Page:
It is only a matter of time before more capable Chinese systems are on the market. Unless there is a concerted effort to redefine the well-meaning construct of the MTCR, the U.S. faces the thin edge of the wedge when it comes to losing both business and leverage in regions that are key to the nation’s security and its geopolitical influence. Getting 35 signatories to a gentleman’s agreement to acquiesce to reforms will be a cumbersome task. But the time to start moving has long since passed.



Вкратце мораль сей басни проста: сначала мы ограничиваем продажу БЛА в разные "плохие" страны. А потом начинаем плакать, что эти страны покупают БЛА у Китая. Потому как партнёры по NATO совсем не готовы вываливать горы баблища за тащемта ненужные им самолётики. Ну вот где такая Дания к примеру будет использовать MQ-9B? Гонять русские траулеры в Северном море? Или перехватывать Ту-95, нарушающие воздушное пространство?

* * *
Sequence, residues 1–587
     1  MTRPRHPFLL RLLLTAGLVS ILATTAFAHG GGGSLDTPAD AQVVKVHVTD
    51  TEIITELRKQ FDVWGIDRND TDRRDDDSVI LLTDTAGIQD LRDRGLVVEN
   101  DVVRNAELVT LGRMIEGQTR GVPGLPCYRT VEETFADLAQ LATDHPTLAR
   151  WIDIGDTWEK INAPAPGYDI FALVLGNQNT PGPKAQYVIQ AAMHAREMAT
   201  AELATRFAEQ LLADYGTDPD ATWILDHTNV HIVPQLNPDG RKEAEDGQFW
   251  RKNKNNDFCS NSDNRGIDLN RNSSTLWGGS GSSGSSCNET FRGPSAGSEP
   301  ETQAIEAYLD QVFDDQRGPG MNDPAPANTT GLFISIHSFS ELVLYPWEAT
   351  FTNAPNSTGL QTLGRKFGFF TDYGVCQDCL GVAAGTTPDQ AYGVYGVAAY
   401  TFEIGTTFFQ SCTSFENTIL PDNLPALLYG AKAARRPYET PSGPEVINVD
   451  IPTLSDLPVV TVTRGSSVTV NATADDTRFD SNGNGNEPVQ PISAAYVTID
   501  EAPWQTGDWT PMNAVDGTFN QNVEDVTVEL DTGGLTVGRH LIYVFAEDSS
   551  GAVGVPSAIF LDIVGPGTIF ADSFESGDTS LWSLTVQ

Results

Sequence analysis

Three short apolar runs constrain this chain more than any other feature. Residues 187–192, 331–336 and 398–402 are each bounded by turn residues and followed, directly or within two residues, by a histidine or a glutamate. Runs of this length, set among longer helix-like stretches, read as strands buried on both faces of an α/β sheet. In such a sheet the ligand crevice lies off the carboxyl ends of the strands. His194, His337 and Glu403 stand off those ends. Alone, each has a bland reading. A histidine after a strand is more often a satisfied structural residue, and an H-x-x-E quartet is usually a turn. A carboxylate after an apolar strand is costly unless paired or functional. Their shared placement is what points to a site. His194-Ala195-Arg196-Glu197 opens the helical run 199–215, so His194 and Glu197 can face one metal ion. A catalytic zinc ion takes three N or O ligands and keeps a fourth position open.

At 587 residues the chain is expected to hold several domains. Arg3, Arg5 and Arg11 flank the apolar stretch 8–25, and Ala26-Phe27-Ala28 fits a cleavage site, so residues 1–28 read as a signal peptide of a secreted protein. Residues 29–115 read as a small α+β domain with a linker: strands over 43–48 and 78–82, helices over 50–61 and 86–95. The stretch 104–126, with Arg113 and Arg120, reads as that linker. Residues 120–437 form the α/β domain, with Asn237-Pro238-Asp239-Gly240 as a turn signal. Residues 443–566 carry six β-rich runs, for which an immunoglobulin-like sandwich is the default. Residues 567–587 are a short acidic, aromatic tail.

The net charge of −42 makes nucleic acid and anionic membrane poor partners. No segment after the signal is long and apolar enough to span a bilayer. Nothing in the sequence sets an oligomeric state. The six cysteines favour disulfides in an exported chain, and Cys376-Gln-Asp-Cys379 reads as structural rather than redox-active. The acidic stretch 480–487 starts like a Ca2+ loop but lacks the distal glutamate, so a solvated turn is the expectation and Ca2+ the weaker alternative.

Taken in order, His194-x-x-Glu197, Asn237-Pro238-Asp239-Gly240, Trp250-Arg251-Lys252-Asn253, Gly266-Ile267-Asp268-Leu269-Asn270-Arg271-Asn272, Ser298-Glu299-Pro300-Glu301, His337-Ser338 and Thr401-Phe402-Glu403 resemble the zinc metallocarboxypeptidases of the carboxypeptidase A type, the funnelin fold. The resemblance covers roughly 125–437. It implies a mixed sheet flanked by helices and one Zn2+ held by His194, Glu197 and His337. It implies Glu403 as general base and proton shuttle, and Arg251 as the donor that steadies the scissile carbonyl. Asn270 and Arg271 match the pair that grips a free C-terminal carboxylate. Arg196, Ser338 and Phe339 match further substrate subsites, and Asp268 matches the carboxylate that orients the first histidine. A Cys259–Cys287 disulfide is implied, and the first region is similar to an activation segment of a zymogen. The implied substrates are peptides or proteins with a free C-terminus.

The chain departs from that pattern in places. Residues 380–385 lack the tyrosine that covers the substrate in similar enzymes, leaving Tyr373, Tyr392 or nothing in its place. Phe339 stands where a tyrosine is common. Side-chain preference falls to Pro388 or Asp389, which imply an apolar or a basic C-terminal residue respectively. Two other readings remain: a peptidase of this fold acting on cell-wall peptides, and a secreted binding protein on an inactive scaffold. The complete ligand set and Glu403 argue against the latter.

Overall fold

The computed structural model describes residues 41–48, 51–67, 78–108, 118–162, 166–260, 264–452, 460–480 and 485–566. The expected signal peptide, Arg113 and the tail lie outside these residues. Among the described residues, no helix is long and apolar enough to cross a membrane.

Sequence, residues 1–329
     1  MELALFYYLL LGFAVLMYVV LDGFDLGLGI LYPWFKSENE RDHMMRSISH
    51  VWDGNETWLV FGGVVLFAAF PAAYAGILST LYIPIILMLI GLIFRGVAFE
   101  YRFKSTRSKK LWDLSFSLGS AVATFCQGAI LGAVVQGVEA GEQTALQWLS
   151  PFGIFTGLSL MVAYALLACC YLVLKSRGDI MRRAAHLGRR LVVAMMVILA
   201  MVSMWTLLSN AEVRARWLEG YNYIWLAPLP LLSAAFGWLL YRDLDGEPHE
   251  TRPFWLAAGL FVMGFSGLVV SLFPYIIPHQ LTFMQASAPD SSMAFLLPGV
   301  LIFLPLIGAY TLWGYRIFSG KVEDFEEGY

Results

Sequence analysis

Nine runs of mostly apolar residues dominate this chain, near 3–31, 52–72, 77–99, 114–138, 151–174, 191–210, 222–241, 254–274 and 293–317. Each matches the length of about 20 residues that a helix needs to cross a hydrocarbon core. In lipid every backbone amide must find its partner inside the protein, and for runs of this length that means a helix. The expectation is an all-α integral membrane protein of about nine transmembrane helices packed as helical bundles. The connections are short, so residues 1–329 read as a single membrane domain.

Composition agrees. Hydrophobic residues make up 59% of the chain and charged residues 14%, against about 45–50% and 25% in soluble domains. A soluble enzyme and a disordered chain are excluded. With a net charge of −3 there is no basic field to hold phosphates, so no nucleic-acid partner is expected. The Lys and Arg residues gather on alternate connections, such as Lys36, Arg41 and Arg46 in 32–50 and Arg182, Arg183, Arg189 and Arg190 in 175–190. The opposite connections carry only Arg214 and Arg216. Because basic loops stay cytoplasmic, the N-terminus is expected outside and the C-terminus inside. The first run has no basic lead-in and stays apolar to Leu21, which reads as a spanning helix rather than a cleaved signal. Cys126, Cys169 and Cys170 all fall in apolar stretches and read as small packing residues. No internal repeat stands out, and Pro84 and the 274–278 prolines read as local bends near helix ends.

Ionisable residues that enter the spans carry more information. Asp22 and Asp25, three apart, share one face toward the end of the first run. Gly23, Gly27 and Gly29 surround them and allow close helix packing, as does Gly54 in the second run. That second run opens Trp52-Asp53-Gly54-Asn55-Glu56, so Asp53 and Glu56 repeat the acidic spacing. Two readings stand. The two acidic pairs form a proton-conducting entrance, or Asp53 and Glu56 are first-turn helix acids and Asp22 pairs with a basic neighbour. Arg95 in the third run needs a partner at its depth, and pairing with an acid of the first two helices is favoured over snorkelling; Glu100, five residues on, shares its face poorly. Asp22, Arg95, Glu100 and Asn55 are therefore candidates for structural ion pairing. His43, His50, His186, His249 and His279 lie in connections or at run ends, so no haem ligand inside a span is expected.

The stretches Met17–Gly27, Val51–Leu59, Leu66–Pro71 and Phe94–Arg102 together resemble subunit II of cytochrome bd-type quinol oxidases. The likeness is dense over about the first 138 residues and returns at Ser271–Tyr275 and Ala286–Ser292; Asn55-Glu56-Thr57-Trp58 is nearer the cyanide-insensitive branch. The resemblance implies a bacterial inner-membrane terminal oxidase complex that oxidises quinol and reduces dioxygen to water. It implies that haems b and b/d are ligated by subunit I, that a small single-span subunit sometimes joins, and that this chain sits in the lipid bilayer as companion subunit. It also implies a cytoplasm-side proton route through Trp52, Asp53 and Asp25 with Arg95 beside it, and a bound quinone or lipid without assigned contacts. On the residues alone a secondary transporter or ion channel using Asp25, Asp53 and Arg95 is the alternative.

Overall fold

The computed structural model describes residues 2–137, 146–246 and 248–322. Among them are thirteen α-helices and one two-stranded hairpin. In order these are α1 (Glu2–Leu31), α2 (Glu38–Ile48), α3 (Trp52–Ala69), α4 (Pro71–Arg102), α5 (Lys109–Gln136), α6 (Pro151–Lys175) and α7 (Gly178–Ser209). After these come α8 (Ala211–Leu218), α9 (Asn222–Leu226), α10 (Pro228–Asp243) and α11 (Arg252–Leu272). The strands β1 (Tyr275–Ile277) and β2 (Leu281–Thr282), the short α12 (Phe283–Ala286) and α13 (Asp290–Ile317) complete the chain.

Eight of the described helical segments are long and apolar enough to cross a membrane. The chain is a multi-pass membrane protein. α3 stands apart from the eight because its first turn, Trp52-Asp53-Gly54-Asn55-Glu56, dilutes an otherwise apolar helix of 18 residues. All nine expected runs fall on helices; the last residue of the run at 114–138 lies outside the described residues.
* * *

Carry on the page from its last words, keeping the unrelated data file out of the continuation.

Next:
Можно конечно рассуждать о невероятном техническом превосходстве американских БЛА над китайскими. Но только рассуждать, потому что телефончик Xiaomi или Huawei в общем и целом совсем не хуже Apple. А уж точно не дороже. И пожалуйста, не говорите мне о невероятной сложности БЛА - страна, которая умеет строить самолёты ( а Китай - умеет ) производство беспилотников освоит с лёгкостью. Вопрос только в количестве бабла, закачанного в эту отрасль. И умении правильно мотивировать исполнителя.

Но самое печальное вот где.

“It’s going to be difficult to get these countries back into the Western fold.”

Поезд ушёл вместе с вокзалом. Свято место на рынке не будет пусто.